Asakusa, Tokyo at Sensoji Temple's Hozomon Gate, Japan. Cezary Wojtkowski/ Adobe Stock

After the Denpoin temple is the monumental Hozomon, gate, which is a massive gateway that is painted red and is roofed. Here are deposited countless memorial tables of the dead. There is a five-story pagoda in a traditional Japanese style to the right of this gate. There are two Nio statues in the precinct and they are regarded as the protectors of the temple.

Beyond this lies the heart of the temple complex the Hondo or Kannon-do, where reputedly is buried the statue of the bodhisattva Kannon, that was recovered from a river, 1500 years ago. There are also a number of souvenir shops and they sell incense and scrolls used in Buddhist ceremonies. There is a huge incense burner before the temple for offerings. The temple is accessed by a stair and it contains many priceless works of art.

Seeing Sensoji Temple, Tokyo, Japan

The temple is in the heart of the Asakusa, area of Tokyo, Japan. There are a number of metro stations near the Buddhist complex and there is plenty of accommodation to be had, which are suitable for all budgets. Every year there is a major religious festival celebrated on the grounds of the temple. The temple is opened during the daytime, but visitors need to remember that this area is not just a tourist attraction but a deeply sacred place and it is possible to witness ceremonies in the temple.

Top image: Heavy snow blizzard in Tokyo - Sensoji Temple in Asakusa, Japan. Source: martinhosmat083 / Adobe Stock

By Ed Whelan



The article appears to shy away from the ancient and major religion of Japan today. Is this intentional, perhaps? I get the feeling that in this web site is leaning towards the fanatical side of Christianity.

My reasoning is that Buddhism is tolerated in Japan but the major belief is that which Christians would term Pagan.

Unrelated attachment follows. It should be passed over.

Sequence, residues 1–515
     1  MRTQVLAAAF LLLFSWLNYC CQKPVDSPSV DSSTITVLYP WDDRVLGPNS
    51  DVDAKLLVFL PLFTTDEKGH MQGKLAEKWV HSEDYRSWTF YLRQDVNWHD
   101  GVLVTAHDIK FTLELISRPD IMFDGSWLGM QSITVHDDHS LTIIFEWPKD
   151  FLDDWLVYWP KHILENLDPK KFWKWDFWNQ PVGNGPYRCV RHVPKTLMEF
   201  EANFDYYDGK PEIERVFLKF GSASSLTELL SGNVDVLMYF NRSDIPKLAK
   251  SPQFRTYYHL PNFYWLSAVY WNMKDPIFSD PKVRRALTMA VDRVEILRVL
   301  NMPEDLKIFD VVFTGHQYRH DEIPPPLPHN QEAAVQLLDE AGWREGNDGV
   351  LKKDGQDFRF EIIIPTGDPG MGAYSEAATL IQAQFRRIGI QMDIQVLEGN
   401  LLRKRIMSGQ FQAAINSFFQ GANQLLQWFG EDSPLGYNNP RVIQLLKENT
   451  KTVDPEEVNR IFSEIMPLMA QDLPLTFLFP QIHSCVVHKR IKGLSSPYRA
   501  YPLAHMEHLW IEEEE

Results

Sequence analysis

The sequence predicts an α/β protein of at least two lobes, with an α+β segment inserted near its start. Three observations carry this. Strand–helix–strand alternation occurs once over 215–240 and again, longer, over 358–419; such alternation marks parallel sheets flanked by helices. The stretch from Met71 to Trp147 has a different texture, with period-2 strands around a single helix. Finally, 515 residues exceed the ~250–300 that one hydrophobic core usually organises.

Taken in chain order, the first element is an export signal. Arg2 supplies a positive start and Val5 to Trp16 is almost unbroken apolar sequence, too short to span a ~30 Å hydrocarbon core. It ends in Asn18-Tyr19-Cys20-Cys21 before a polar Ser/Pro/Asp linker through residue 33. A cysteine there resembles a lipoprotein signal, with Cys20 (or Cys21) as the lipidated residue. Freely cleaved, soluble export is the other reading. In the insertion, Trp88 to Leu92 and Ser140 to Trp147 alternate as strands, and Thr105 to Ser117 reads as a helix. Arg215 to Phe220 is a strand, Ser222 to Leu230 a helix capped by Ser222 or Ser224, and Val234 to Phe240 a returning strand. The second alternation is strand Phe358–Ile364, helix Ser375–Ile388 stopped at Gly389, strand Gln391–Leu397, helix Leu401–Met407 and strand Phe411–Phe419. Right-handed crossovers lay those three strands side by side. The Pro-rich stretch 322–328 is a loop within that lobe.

In Japan it is termed 'Shinto'.

Before Christianity was forced upon my revered ancestors at the point of a sharp sword, the two beliefs were very similar in many respects.
With the advent of the (controlling) new system our heathen beliefs had to go in order for the new system to inveigle Pagan out of the picture, which is still in place today.

I ask that you do not confuse Pagan with Satanism as Satanism is a Christian religion. Satan does not exist in Pagan belief.

Satan actually equates to Saturn, the planet. Before Christianity demonised Astrology, Saturn was and is deeply revered by many, almost to the point of fear and in some cases fear for those who lack understanding. Saturn was demonised and injected into, to rid the Western world of a valid belief system.
Fear is the preferred weapon of authority.

All media has an intention. Is it coincidence that this article avoids mentioning the Shinto and is A O is a little more than pro Christian? It seems so, by avoiding the mention of the word 'Shinto'.

The building was and is and always will be a Shinto shrine, I do not use the word, temple, deliberately. Temple is in a Christian persons lexicon, not Pagan.

Ed Whelan's picture


My name is Edward Whelan and I graduated with a PhD in history in 2008. Between 2010-2012 I worked in the Limerick City Archives. I have written a book and several peer reviewed journal articles. At present I am a... Read More

Next article